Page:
New social networks used to be greeted with enthusiasm – Friendster, Friendfeed, MySpace. Each one got a little better, gained users, then fell off the radar. Today the big three – Twitter, Facebook and LinkedIn – dominate with eyes on Google+ to see if it’s going to make it.
Even so, there are a number of smaller networks that follow a path of launch, traction, an explosion in media coverage, and then they settle into something of a slower growth pattern.
There was a time, for example, a while back when you couldn’t flip open your RSS reader without seeing Quora in the headlines. Long before its Android application or Facebook’s acquisition, Instagram too had this trajectory where hobbyist techies propelled the network, or app, or whatever we’re calling it these days, into the mainstream. Pinterest is enjoying this lift right now.
Sometimes a network makes it and some settle comfortably into their niche. Quora is one I think fits this category. When I first logged in, I was addicted, quite literally losing sleep in fascination. Quora in my view has settled a bit, but it’s still interesting and useful.
I think Instagram would have followed a similar path if it hadn’t been acquired. There’s enough photographers and wannabe photographers that enjoyed the tool.
Despite the buzz it’s getting now, I don’t think Pinterest is going to make it.
There’s only so much time in the day and people have to choose which networks their going to make habitual. While I’ve listed the mainstream sites, there’s a wealth of networks that meet precise segments. My friend and general manager for Lewis PR in DC, Ian Lipner pointed out GovLoop for the feds, Path for the cool kids, and CellarTracker for wine connoisseurs.
There’s virtually a social network for every type of activity. Yammer for example, will allow you to create your own – almost like a little Facebook for your business, or church group, or organization. It can be dizzying, but in the spirit of exploration, here’s four – some you may have heard of – and some you might not, that I find useful on a weekly, if not daily basis.
- Delicious. It’s not a new network – born, bought, sold, resold and reloaded – but I find it incredibly useful and log in almost daily. I’ve found that unlike other social bookmarking sites, people bookmark to Delicious aren’t trying to drive traffic, they are saving something. Usually that’s something worth saving. By scoping out the people I follow in Delicious, I find great content. I also save a lot of stuff – my own stuff and reads I find interesting – and by sorting by tag, I have an easy reference to go back to the things I’ve saved. It’s a critical tool for building the “Smart things” posts I try to do weekly. In addition, the widgets make it incredibly easy to integrate links on your blog, or for some PR pros, perhaps a newsroom.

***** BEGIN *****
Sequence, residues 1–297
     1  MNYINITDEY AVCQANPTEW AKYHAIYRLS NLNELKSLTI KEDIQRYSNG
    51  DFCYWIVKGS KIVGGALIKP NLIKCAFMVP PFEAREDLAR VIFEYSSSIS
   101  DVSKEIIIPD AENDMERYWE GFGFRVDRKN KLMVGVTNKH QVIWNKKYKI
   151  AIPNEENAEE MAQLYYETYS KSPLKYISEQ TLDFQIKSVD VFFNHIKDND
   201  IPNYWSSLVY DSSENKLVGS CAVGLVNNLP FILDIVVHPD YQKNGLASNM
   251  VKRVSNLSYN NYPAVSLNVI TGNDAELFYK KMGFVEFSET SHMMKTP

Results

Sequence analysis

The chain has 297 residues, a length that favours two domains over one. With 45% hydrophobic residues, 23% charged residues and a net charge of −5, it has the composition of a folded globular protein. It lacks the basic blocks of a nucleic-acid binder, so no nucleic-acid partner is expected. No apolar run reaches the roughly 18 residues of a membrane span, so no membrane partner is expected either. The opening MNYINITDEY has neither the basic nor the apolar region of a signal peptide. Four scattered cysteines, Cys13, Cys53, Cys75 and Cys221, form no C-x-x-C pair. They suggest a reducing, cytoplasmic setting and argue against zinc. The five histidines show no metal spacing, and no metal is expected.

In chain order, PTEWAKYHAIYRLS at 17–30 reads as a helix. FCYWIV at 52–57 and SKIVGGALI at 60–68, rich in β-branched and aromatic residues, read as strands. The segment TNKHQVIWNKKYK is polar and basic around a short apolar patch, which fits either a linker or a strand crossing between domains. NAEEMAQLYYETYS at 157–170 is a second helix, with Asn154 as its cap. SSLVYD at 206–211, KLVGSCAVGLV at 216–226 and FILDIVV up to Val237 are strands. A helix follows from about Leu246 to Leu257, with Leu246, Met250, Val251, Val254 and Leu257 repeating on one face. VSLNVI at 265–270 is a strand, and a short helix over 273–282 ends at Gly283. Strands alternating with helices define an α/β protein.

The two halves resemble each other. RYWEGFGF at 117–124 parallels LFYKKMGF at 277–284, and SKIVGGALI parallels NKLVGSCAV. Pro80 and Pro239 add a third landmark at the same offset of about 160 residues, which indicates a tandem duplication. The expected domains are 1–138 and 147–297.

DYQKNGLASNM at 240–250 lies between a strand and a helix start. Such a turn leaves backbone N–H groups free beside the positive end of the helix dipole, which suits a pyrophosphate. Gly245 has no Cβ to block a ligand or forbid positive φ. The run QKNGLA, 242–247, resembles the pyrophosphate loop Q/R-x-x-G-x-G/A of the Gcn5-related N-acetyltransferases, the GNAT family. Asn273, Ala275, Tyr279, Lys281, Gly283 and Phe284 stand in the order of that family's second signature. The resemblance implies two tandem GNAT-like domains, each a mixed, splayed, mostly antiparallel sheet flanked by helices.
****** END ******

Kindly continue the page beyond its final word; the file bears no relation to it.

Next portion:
- BizSugar. BizSugar is an amazing site that part bookmarking part discussion board. It’s entirely focused on small business with backing from Anita Hill of Small Business Trends. It’s a pain in the butt to bookmark articles on the site, which has forms can captchas galore, but an important thing about that is, people tend only bookmark things that are relevant and worth sharing. And there are content curation editors to ensure the site stays that way. Moreover, when a link is hot on BizSugar, it drives a ton of traffic, but be sure to go back and check the comments on the site and respond accordingly.
- MyFitnessPal. This is a site for counting calories and monitoring your fitness goals. Many food items and workouts are already listed so it makes it real easy. About this time last year, I had put on a ton of weight which was especially weird because while I have a sweet tooth, throughout my life, I’ve always been pretty fit with good exercise habits. While deployed last year, I linked up with a pretty hard core fitness program and I’ve maintained since I’ve been back. There’s about 30 lbs less of me a year later. For all the fitness programs and diets, I’ve found only one thing works: calories in and calories burned. MyFitnessPal makes it real easy – and you can link up with your friends, using the social tools, and mobile phone apps, to keep yourself honest. A little competition can go a long way to boosting motivation. However, I tend to keep my profile locked down tight – don’t want to get grief for sneaking a cookie – seeing the calorie count daily generally keeps me honest, if not transparent.
- MeetUp. MeetUp is a fantastic social site for organizing in-person events. It has similar social sharing aspects that you expect from Facebook and LinkedIn, like adding friends and sharing photos. Nearly anyone, of any age, in any all kinds of locations, both in the US and outside, can find some group of interest. There are political events, business networking, dinner groups, running clubs, adventure seekers and good old parties – and it’s the site that’s got me initially hooked on the skydiving bug I’ve developed.
That’s what I’ve got for under-recognized but entirely useful social networking sites. How about you? Any good sites out there you find useful and visit regularly?
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